Don’t Trip Each Other Up

The book of Romans contains some great, practical teaching on friendships. One well-known scripture says: 

“Therefore, let us stop passing judgement on one another. Instead, make up your mind not to put any stumbling block or obstacle in the way of a brother or sister.” Romans 14

This passage is from a chapter of Romans that addresses the challenge of Christians with differing beliefs coming together in community. This verse encourages us not to trip each other up by enforcing the details of our faith onto them. 

We have to trust that God is working in all of us, sorting through the good from the bad. Sometimes God will ask us to partner with Him and bring a healthy challenge to someone; these moments are powerful and precious. But we need to resist the temptation to always point out where people are different from us. Or how they execute their faith differently. Instead of focusing on the difference in your diets, just focus on sharing a meal together.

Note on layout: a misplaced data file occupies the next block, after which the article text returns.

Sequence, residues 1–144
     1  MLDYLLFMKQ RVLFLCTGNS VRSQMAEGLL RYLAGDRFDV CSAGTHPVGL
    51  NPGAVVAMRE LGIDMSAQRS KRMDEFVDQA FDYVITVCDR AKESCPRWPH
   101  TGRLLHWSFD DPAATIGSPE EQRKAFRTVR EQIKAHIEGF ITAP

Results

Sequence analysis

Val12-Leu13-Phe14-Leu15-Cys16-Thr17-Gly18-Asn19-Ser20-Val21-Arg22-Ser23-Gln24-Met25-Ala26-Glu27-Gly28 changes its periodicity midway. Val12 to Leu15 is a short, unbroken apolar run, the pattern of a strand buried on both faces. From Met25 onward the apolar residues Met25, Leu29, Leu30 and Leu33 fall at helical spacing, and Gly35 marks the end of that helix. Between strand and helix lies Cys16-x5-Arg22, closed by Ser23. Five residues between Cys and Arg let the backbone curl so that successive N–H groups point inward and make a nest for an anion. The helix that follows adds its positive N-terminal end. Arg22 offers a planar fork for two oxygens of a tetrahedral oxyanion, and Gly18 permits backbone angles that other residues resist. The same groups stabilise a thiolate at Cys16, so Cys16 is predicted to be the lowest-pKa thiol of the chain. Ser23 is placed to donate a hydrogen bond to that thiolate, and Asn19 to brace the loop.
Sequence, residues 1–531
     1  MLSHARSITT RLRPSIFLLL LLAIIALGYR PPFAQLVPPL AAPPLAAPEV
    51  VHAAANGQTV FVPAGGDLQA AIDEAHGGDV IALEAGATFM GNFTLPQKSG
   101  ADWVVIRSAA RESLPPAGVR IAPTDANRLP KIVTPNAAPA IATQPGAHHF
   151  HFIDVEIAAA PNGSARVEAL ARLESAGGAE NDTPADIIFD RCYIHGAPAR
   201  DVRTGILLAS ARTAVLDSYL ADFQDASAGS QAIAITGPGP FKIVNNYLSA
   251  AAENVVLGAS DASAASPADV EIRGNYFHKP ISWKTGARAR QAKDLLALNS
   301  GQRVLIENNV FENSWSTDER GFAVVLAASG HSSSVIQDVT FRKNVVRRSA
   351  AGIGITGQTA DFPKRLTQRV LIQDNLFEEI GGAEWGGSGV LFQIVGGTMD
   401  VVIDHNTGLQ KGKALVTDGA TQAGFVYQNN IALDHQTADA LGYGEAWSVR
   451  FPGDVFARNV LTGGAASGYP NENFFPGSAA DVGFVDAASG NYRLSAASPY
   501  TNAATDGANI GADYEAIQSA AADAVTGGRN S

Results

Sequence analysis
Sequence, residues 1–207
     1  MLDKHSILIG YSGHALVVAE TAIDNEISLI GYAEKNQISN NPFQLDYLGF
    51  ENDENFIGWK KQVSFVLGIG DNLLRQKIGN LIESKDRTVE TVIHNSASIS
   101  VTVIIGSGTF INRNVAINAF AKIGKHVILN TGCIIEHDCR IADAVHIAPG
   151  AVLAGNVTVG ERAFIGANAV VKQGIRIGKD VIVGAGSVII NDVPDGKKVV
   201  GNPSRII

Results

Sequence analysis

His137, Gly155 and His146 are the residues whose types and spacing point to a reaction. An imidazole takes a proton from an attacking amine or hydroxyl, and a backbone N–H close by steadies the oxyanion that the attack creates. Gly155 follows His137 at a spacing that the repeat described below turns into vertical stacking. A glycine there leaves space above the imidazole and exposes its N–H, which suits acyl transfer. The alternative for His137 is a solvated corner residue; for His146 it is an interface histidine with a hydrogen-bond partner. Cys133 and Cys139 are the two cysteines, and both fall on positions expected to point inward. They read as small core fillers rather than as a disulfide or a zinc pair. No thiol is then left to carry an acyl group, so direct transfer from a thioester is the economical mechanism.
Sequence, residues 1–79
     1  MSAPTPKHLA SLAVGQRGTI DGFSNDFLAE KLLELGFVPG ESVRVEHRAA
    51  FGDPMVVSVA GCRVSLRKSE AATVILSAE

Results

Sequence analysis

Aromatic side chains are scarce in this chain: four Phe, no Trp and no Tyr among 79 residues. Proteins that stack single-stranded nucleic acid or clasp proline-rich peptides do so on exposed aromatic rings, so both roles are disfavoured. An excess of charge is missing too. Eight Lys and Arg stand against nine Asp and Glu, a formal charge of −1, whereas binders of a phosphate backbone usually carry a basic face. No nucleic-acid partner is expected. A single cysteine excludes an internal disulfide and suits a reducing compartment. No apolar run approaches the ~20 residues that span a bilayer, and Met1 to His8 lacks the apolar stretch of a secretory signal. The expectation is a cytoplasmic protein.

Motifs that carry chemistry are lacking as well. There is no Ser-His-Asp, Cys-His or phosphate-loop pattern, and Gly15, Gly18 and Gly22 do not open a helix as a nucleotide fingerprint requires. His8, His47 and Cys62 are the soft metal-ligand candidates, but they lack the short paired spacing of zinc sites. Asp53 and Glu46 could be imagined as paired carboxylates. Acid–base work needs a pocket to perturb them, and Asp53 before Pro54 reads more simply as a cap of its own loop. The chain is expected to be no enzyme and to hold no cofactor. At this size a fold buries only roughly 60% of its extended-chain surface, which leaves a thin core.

Pursue Unity

Let us therefore make every effort to do what leads to peace and to mutual edification.” Romans 14

When believers meet and worship together in peace, it creates a moment of heaven touching earth. Because of this, unity is often highly contested. Our own pride and offence can get in the way of us following Scripture’s instruction to be in unity with each other. Before we know it, we can feel more at odds with our Christian friends and community than in unity with them. 

In Ephesians 4, it says: “Make every effort to keep the unity of the Spirit through the bond of peace.”

One thing that makes pursing unity much easier is, during times of conflict or disagreement, pause and ask yourself for the ‘why’ behind what you’re going to say or do. Is your motivation simply to be heard and make your point? Do you feel you have to respond because you know they’re misled? 

Ask yourself: will my response take us closer to, or further away from, unity?

It’s not easy to do but if you can swallow your pride and stay in unity with people, even when it’s difficult, you make a way for God to not only change your hearts but to bring growth and reconciliation. Better than we ever could by just making sure our point was heard. 

It’s also these relationships, where we pursue unity, that can go on to form the best friendships and lasting community in our life.